The WEAR Scale: Developing a Measure of the Social Acceptability of a Wearable Device
Is Version Of
The factors affecting the social acceptability of wearable devices are not well understood, yet they have a strong influence on whether a new wearable succeeds or fails. Factors uniquely affecting wearable acceptability as compared to other technology include manners, moral codes, the symbolic communication of dress, habits of dress, fashion, context of use, form, and aesthetics. This paper describes the development of the WEarable Acceptability Range (WEAR Scale), designed to predict acceptance of a particular wearable. First, the construct "social acceptability of a wearable" was defined using literature and an interview study. Second, the WEAR Scale's item pool was composed, and reviewed by experts. Third, the resulting scale was administered to sample respondents along with validation measures. The data will be evaluated for reliability and validity, and the scale's length will be adjusted, culminating in a validated WEAR Scale useful to both industry and academia.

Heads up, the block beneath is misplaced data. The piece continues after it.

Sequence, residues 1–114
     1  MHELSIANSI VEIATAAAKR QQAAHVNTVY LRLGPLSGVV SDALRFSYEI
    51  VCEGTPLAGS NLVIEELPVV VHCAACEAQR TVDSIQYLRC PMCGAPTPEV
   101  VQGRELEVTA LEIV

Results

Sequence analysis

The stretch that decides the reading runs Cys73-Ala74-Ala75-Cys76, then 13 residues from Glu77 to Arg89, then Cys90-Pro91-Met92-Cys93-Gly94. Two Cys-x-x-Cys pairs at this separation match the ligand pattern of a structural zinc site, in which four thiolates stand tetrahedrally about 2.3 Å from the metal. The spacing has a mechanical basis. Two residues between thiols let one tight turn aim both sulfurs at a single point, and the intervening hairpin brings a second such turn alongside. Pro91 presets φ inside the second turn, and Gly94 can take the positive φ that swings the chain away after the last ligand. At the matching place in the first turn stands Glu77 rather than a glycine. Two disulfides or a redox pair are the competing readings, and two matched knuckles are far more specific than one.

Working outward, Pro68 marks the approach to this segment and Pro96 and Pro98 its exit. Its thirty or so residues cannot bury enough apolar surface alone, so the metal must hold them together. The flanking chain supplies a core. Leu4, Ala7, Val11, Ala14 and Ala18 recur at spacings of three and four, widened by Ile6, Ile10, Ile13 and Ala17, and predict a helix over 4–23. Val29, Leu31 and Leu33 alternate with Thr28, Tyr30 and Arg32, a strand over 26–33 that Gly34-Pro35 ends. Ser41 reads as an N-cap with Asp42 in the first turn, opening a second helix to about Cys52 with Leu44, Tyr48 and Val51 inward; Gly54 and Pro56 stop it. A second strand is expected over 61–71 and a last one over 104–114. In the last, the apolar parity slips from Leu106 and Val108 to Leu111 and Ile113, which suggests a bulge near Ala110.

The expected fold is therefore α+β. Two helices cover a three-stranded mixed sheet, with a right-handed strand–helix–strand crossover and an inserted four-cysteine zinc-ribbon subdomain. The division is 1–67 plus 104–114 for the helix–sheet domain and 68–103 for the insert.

This is the author's version of the work. It is posted here by permission of ACM for your personal use. Not for redistribution. The definitive version was published in Kelly, Norene, and Stephen B. Gilbert. "The WEAR Scale: Developing a Measure of the Social Acceptability of a Wearable Device." In CHI EA '16: Proceedings of the 2016 CHI Conference Extended Abstracts on Human Factors in Computing Systems, pp. 2864-2871. ACM, 2016. DOI: 10.1145/2851581.2892331. Posted with permission.